So, the federal government has a constitutional role in creating laws that can bind states, but the federal government is constrained in power by the constitution and the states that put the officers of the federal government in place.  Even the paragraph says laws made… …in Pursuance thereof. Again, be careful when giving away power and rights, I guarantee it will be next to impossible to get them back.  Especially the further away they are given.

Finally, Full faith and credit.  Article 4 section 1 says:
Full Faith and Credit shall be given in each State to the public Acts, Records, and judicial Proceedings of every other State. And the Congress may by general Laws prescribe the Manner in which such Acts, Records and Proceedings shall be proved, and the Effect thereof.

This clause applies to judgments, not laws.  One state’s laws do not apply to another, but a judgment rendered in a court in one state can be governed by the federal government in its proof and application in other states.  Congress is granted jurisdiction and due process to be involved.

At the Philadelphia Convention (the constitutional convention), James Madison said that he wanted to supplement that provision in the Articles of Confederation, to let Congress “provide for the execution of Judgments in other States, under such regulations as might be expedient.”

In Federalist 42 Madison explained:
The power of prescribing by general laws, the manner in which the public acts, records and judicial proceedings of each State shall be proved, and the effect they shall have in other States, is an evident and valuable improvement on the clause relating to this subject in the articles of Confederation. The meaning of the latter is extremely indeterminate, and can be of little importance under any interpretation which it will bear. The power here established may be rendered a very convenient instrument of justice, and be particularly beneficial on the borders of contiguous States, where the effects liable to justice may be suddenly and secretly translated, in any stage of the process, within a foreign jurisdiction.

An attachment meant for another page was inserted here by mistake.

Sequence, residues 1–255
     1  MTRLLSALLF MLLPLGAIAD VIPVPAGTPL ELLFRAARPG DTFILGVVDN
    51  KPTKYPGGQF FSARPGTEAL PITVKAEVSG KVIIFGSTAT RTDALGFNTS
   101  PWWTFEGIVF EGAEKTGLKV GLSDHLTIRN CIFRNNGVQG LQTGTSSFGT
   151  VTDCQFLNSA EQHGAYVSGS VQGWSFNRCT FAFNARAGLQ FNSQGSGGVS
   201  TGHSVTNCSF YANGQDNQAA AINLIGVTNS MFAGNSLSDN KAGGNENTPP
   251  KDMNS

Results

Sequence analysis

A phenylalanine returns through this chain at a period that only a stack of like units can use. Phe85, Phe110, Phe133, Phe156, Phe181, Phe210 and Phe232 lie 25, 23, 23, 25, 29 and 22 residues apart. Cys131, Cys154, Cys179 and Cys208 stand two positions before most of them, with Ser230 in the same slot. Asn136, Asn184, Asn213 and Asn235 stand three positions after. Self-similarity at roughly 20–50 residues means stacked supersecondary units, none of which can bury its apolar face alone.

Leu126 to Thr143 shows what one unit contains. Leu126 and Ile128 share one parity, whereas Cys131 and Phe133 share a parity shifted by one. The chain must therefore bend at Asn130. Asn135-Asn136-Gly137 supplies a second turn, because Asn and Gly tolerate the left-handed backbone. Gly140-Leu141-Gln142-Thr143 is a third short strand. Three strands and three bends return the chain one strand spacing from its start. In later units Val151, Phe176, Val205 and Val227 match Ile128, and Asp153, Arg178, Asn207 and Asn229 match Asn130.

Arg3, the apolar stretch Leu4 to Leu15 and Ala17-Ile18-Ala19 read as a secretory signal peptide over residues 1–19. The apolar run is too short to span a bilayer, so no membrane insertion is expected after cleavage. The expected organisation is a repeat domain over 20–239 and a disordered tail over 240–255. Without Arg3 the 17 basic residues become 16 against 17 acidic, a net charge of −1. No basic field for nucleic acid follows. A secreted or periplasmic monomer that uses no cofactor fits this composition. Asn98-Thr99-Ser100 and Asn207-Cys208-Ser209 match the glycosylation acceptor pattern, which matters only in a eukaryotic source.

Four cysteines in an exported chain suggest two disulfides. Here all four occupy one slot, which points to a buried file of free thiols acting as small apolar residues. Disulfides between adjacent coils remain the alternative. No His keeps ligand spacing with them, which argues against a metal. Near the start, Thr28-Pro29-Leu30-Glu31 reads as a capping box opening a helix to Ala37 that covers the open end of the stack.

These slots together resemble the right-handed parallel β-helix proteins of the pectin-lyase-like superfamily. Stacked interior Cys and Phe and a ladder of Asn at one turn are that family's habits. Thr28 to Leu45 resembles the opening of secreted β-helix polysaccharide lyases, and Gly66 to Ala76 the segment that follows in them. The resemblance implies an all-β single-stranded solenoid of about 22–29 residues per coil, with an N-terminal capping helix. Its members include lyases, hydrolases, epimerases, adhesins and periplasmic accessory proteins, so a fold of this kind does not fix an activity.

Again, no power to apply state laws across state lines, or control the actions of a state with regard to the treatment of its own citizens.  It allows the prescription of how to prove the acts, records and proceedings.  And it allows for the jurisdiction in execution of the judgments across state lines.  The federal government generally does have jurisdiction when maters cross state lines.

Again, the constitution provides enumerated powers to our federal government.  They are specific and limited.  While it might be convenient to use one of these clauses out of context to allow the federal government to exceed its power and legislate in a manner we might like, we may even find prudent, It is a dangerous precedent and releases the constitutional constraints that government can then use in ways unseen, in a manner you do not like.  Unintended consequences!  The founders were wise to constrain federal power. “ In questions of power, let no more be heard of confidence in man, but bind him down from mischief by the chains of the Constitution.” – Thomas Jefferson

If we find it necessary to grant the federal government more power, we must follow the process in the constitution, Article 5 another future topic, to deliberately amend the constitution.  Let cooler heads prevail, let’s have that debate first.  We must always be vigilant and protect our liberty, or we will wake up to find it gone.